If you encounter speed bumps, or a similar type of road condition in off-roading, a sign the shocks or springs need replacing or adjusting is if the rear bottoms out. The rear wheels come much closer to the wheel hub than looks or feels normal.
As an ATV or other vehicle with 4 wheels corners the shocks/springs on the far side will keep the body perfectly flat. This is another way to tell if the ATV is experiencing body tilt but is easier to identify if you’re riding your ATV.
If the shocks are not performing correctly as you corner the ATV will dip to the side and put additional pressure on the far side wheels. Making it more difficult to turn. You will need to turn sharper than you needed to when you first got it.
The reason is the force of the weight of the ATV is concentrated more on the outside tires. Rather than being spread evenly between all four tires.
In the owner’s manual of popular ATVs like the Polaris Sportsman, it’s recommended to inspect the shocks every time before you ride. Any signs of leakages around the shocks indicate an issue.
Also, it’s best practice to clear away any twigs, leaves, or anything else stuck in the shocks. They also recommend to thoroughly inspecting and adjusting them every 50 hours of riding, after 6 months, or after 500 miles or 800 km, whichever comes first.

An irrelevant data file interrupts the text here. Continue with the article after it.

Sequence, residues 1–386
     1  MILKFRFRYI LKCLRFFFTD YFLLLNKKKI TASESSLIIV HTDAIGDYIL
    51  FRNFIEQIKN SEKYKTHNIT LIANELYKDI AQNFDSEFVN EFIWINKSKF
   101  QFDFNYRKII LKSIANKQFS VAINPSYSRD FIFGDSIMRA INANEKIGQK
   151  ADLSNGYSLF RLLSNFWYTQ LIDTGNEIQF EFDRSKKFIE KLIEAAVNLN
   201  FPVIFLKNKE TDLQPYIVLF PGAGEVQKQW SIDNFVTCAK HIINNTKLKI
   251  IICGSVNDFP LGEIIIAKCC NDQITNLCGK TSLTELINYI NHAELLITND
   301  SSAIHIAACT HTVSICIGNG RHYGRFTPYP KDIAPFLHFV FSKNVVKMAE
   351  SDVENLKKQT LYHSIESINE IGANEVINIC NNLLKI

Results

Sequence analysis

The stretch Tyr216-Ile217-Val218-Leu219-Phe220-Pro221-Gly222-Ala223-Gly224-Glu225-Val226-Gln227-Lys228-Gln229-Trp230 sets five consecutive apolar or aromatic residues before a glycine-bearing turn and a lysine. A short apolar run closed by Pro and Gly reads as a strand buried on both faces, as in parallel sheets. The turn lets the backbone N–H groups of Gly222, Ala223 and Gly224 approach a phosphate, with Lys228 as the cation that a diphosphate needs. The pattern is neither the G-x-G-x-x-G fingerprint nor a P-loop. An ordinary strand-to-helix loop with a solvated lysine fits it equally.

The owner’s manual doesn’t list any specific checks to do, in my opinion, you should have them checked over by a mechanic as part of the service.
Another part of an ATV that will eventually experience issues is the clutch. In another article, I explained how to know when an ATV clutch is bad and when it needs to be serviced or replaced.
When riding your ATV you can feel like the shocks are a bit bouncy and you would be more comfortable if the shocks didn’t have so much give in them. Here’s how to adjust the ATV shocks so they’re stiffer.
Adjust the height of the spring so that it’s shorter to stiffen ATV shocks. This is done by adjusting what is called the preload. Every ATV has a stock spring height virtually always listed in the owner’s manual. From the stock spring height make the spring shorter by adjusting it to your liking.
One issue when the spring is shorter is you can get more rebound. This is because the spring is under more tension. When you go over bumps it will bounce back more which can be a bit uncomfortable.
It’s also not possible to adjust the spring height on some ATVs. In the owner’s manual see if they provide any guidelines about how much you can adjust the spring height from the stock height. And if in doubt contact your ATV manufacturer to enquire about whether it’s OK to do on your specific make and model.
The suspension on an ATV can be a bit stiff. Softening the suspension makes it more comfortable. So here’s how to make the suspension on an ATV softer.
The height of the spring can be increased. This will cause the spring to be under less tension and make the suspension softer. The owner’s manual will list the recommended spring height. Start with that and increase it a small amount at a time until it’s to your liking.
It’s important to only adjust it as much as it needs, as the springs are designed to provide proper suspension within a height range. If you’re unsure or would rather have a professional do it, then contact the nearest dealer for your ATV. Or, your nearest motorcycle/ATV mechanic to have them adjust it for you.